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Cardano Integrates the Bitcoin Blockchain

Cardano integrates the Bitcoin blockchain

Cardano Foundation CTO Matthias Benkort, @KtorZ, encapsulated the entire Bitcoin blockchain within a single block on the Cardano blockchain.

This announcement, made via X, has generated a lot of buzz in the blockchain community. It highlights the potential for advanced data management and interoperability between different blockchains.

A Step Forward for Cardano

Benkort’s revelation goes along with releasing a new open-source library on GitHub titled “Merkle Patricia Forestry.” This library introduces on-chain and off-chain tools designed to work with Merkle Patricia Tries in Cardano. According to documentation, a Merkle Patricia Trie is a “persistent, authenticated data structure for mapping between arbitrary keys and values.” It essentially functions as a highly efficient and secure hashmap.

The structure of this library is detailed in the documentation. “The elements are represented in a space-optimized trie (also known as a prefix tree) of radix 16. The hash of the keys provides the path to the values in the tries“. This approach offers numerous use cases, such as maintaining large on-chain records (e.g., domains). It may also provide vast oracle datasets of intrinsic data (e.g., a delegator/delegate map) or extrinsic data (e.g., GitHub data related to a project ecosystem). It is particularly suited for long-running datasets that grow slowly, such as a Proof-of-Work (PoW) blockchain.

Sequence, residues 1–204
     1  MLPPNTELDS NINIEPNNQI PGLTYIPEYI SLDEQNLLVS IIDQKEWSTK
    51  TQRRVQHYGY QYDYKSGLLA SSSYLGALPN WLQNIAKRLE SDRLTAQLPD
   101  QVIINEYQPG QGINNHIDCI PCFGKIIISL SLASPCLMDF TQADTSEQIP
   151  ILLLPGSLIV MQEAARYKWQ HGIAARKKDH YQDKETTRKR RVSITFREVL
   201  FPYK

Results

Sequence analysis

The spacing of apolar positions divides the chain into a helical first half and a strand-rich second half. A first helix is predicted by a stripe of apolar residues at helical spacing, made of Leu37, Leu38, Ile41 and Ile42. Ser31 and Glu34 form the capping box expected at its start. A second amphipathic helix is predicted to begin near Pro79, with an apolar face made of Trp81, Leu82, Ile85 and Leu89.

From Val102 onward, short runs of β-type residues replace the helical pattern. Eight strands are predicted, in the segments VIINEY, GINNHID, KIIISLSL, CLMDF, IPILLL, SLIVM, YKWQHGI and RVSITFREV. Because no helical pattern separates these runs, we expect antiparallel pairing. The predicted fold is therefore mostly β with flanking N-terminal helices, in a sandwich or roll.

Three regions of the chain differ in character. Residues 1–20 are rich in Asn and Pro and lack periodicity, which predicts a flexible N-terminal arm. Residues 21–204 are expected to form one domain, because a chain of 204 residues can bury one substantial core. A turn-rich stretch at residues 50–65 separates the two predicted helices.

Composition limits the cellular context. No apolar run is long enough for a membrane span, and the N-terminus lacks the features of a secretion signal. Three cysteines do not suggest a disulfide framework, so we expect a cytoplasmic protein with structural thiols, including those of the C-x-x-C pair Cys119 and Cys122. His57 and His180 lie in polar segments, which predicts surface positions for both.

Key Features of the Merkle Patricia Forestry Library

Key features of the library include fast membership, insertion, and deletion of any key/value element in a large store facilitated by a root hash (32 bytes) and succinct proof (<1KB). The library incorporates several optimizations inspired by the Ethereum Modified Merkle Patricia Trie (MPT) but introduces a novel approach to organize nodes as small Dispersed Merkle Trees. This innovation results in much smaller tests and is the basis for the library name: Merkle Patricia Forestry.

Benkort explained the performance tradeoffs, noting that the optimization sacrifices some memory and CPU execution units to achieve smaller test sizes. Despite this, the library finds a good balance between test size, memory usage, and CPU efficiency, as detailed in the performance tables included in the documentation. These tables summarize the test size, memory units, and CPU units required, highlighting the efficiency of the library in different scenarios.

Information and Implementation

In a series of detailed posts on X, Benkort provided more information on the implementation and capabilities of the library. He explained that the library consists of two parts: one implemented in Aiken for utilities specific to Smart Contracts and another in Node.js for off-chain operations. This comprehensive implementation of modified Merkle Patricia Tries, with a unique twist, is what Benkort calls “Merkle Patricia Forestry.”